Similarly, the Ethical Fashion Report by Baptist World Aid has demonstrated some movement in the industry. While there is vast room for improvement, as this article by Peppermint highlights, the pressure put on fashion brands by consumers and the media is having a positive impact.

But this progress will only continue if we continue to agitate. We can't stop asking #WhoMadeMyClothes? We can't stop thinking about our clothing consumption choices, and wondering why we are buying what we buy. We can't become complacent about what materials are used in our clothing, or under what conditions they are created. As I mentioned to my students last week, changing this industry is like turning a giant boat - progress may feel slow, but continued effort is genuinely having an impact, so we have to keep pushing.

So what can you do?

  • Engage with brands on social media by taking a photo of your clothing, tag the brands you are wearing and ask them "#WhoMadeMyClothes?
  • Write a letter to a brand asking them about production, and what changes they are making for worker safety & pay, as well as environmental improvements.
  • Write to a policy maker asking for stronger support of ethical fashion production.
  • Write a love story to one of your pieces of clothing and share it online.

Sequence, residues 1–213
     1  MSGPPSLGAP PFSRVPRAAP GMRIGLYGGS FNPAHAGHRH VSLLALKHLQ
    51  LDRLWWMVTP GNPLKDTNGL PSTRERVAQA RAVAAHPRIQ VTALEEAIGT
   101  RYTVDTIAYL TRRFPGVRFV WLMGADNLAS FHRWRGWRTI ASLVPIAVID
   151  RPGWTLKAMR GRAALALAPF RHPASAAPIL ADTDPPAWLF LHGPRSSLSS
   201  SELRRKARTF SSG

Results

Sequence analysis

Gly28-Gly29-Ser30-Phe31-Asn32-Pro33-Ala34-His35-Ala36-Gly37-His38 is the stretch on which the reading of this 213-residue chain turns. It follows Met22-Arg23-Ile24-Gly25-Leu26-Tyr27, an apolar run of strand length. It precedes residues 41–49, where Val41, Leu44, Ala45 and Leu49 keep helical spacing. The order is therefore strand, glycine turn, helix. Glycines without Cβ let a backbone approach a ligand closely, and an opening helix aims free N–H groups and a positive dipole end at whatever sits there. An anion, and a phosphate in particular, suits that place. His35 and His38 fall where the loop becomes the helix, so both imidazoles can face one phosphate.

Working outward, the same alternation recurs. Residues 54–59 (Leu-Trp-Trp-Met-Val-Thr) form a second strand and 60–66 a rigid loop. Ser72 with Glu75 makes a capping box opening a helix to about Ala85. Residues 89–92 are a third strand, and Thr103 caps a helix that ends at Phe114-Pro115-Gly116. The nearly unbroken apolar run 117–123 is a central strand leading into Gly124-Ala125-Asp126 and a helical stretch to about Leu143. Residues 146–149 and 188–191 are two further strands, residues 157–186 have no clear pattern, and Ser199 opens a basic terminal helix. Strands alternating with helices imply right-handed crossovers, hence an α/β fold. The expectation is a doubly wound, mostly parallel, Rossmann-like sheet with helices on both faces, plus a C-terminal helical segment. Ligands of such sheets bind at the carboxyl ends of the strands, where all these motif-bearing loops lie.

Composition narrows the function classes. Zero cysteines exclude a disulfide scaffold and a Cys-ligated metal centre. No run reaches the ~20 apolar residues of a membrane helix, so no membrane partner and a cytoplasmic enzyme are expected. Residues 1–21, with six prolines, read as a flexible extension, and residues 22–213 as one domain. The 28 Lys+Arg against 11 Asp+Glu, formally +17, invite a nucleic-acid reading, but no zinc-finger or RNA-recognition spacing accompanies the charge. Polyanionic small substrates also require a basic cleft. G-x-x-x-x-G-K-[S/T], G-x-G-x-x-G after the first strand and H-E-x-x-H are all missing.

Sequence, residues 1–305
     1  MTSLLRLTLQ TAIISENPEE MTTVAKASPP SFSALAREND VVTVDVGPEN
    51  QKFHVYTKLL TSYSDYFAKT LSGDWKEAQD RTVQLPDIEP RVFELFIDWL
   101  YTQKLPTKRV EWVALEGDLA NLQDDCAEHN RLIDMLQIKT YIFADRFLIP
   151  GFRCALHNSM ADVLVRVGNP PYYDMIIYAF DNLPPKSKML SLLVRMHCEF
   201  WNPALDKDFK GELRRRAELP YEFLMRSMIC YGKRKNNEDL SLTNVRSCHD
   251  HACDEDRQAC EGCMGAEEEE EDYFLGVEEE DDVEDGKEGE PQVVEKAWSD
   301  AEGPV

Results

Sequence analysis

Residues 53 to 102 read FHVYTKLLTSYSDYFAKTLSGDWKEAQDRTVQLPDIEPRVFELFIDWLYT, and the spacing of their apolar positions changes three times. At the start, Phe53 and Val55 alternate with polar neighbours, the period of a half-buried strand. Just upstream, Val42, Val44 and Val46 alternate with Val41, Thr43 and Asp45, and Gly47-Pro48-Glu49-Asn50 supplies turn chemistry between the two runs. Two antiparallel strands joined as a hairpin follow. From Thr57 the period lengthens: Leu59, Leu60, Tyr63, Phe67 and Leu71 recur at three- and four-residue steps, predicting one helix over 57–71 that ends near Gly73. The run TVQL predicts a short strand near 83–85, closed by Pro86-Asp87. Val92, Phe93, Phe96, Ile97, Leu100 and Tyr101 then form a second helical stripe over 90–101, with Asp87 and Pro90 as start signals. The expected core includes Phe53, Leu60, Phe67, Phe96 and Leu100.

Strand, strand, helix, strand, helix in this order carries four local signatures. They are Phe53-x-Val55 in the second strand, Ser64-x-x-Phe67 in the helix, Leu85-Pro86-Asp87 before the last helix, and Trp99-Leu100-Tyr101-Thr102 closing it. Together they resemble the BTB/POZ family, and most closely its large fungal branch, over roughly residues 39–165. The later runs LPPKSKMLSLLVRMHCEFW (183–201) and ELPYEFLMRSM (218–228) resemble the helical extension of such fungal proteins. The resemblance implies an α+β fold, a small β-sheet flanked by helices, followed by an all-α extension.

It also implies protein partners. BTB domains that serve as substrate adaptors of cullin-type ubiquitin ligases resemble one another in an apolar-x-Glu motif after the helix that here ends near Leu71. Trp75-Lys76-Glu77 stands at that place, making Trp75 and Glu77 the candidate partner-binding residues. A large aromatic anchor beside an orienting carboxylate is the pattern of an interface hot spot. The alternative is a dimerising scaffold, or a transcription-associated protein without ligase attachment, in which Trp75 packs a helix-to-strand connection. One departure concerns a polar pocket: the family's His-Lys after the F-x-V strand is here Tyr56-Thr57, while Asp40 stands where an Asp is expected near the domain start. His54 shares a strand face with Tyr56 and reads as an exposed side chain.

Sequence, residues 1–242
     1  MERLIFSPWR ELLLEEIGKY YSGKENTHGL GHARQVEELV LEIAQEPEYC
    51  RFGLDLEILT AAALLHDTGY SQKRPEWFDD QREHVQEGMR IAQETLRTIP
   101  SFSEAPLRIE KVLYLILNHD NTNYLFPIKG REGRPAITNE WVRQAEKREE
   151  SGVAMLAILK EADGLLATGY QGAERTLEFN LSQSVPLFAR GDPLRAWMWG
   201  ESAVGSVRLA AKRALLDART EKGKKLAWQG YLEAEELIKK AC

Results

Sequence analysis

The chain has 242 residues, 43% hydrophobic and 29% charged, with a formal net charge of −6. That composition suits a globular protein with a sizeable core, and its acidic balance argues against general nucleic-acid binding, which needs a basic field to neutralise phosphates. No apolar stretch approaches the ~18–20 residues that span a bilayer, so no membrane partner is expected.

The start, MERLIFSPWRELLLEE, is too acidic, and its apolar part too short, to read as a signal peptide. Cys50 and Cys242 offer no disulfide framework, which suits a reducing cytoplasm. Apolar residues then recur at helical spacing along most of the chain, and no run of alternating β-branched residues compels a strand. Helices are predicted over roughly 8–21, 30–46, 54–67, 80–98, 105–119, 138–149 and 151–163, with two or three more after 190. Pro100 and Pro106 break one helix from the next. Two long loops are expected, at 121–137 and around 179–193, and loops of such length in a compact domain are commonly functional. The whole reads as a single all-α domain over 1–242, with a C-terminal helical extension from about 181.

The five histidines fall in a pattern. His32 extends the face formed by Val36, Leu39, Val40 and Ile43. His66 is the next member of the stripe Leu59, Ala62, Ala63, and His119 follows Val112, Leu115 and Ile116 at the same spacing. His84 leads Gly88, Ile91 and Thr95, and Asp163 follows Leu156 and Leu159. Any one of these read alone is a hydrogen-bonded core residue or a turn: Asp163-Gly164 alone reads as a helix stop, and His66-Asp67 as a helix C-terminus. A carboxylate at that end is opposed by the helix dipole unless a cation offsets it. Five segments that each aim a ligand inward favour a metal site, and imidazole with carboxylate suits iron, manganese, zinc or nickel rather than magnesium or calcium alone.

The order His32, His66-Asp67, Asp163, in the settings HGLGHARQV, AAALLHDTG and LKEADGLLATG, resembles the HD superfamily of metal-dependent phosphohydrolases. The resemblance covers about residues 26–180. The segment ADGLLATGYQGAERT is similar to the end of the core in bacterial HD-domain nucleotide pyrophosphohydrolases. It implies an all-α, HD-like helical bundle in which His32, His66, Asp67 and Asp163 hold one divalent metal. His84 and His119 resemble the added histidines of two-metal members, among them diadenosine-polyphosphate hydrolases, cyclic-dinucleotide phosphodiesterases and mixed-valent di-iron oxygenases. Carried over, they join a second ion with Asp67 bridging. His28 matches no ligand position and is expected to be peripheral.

• Participate in a #haulternative by swapping, op shopping or repairing your clothing. 
There are tips and tools for all of the above on the Fashion Revolution website.

If you are local in Australia (or New Zealand!) check out all the events happening in our region on the local Facebook Page.

I'll be participating at a panel on the 4th of May called "Rethink your wardrobe" (a bit after Fash Rev week, but let's keep this Revolution going, right?!) at Petersham Town Hall - looks like quite a line up and will be a fabulous swap!

What are you going to do for Fashion Revolution Week?


Thursday, 11 April 2019


Instead of bringing you Part Two of Environmental Melancholia today I decided to share a quick story of sustainable fashion progress instead.

Photo by Erwan Hesry on Unsplash

I was at the hairdresser last week getting a delicious hair treatment (don't worry, the salon is accredited with Sustainable Salons), and while relaxing in the shampoo chair I overhead another salon patron talking about her current craft project. Sitting on her lap was a a bag bursting with strips of cloth that she was braiding into long ropes. She proceeded to explain to her stylist that she was meeting up with friends later to sew them into baskets.